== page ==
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This item was last sold on : 02/23/18
The Sparkler radish has a classic raish appearance. Its edible roots are petite spheres with thin wiry taproots. The skin's coloring is two-toned with the top of the roots near the plant's leaves a deep scarlet red and the bottom half, creamy white. The Sparkler radish's flesh is translucent white, crisp yet tender. Its flavor is mild and earthy with a subtle sweetness.
Sparkler radishes are available late winter through the spring.
The Sparkler radish, botanical name Raphanus sativus, is a member of the Brassicaceae family. Radish varieties can be divided into four types: western (small salad type), oriental (large and mild) such as china rose and daikon, leaf (small taproots cultivated for feedstock), and rats-tail radishes (cultivated for edible seedpods). The Sparkler radish is a western radish type. It is an heirloom variety that is also known as White Tip and Sparkler White Tip.
Sparkler radishes can be served for fresh eating or cooked and served hot or cold. If cooking, the best method is slow-roasting as it will bring out a tender, rich and sweet quality in the radishes. Their vibrant coloring makes them a perfect fit for crudité plates or sliced and layered with butter on open faced tea sandwiches. Sparkler radishes pair well with chives, parsley, fennel, apple, cheeses such as feta and chèvre, butter, vinaigrettes, bacon, white fish, cucumbers, mild salad greens, cooked eggs, citrus, cilantro and mint. To store, keep Sparkler radishes refrigerated and use within one week.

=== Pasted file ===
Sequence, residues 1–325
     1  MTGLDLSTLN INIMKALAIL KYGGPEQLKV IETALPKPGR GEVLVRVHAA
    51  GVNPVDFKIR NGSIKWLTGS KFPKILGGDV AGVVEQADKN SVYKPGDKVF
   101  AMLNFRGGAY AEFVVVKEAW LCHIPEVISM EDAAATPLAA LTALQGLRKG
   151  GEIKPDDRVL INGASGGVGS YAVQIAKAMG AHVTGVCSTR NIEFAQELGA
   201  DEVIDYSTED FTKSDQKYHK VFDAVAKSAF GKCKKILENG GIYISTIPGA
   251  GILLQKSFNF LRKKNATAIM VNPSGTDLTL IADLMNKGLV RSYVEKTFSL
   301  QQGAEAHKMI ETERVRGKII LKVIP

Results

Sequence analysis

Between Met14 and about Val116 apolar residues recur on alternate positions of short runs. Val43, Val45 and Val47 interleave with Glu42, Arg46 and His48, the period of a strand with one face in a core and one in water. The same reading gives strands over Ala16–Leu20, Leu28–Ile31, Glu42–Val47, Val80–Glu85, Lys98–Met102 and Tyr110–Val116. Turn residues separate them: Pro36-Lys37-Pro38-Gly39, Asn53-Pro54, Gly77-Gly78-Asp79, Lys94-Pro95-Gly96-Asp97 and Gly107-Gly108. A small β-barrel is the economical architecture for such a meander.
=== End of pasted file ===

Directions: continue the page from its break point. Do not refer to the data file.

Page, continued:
In France, radishes such as the Sparkler are popularly served, greens and all, alongside butter and flaky sea salt.
The Sparkler radish is believed to have first been cultivated in the eastern Mediterranean region. Radishes are perhaps the fastest maturing plants in nature. Sparkler radishes can reach maturity within twenty days of sowing. Once the root becomes visible, they can be pulled. This means they must be harvested often, as the flavor of the root will become sharper if left in the soil for too long. Radishes are very much like lettuces and pea plants, preferring cool season for best growth and sweeter roots. Summer crops tend to bolt to seed quickly as well as producing sharp pithy roots and sunburnt leaves.
Recipes that include Sparkler Radish. One is easiest, three is harder.
|Not Eating Out In New York||Carrot, Cucumber and Radish Oshinko|
|Not Eating Out In New York||Strawberry Radish Salad with Balsamic Vinegar|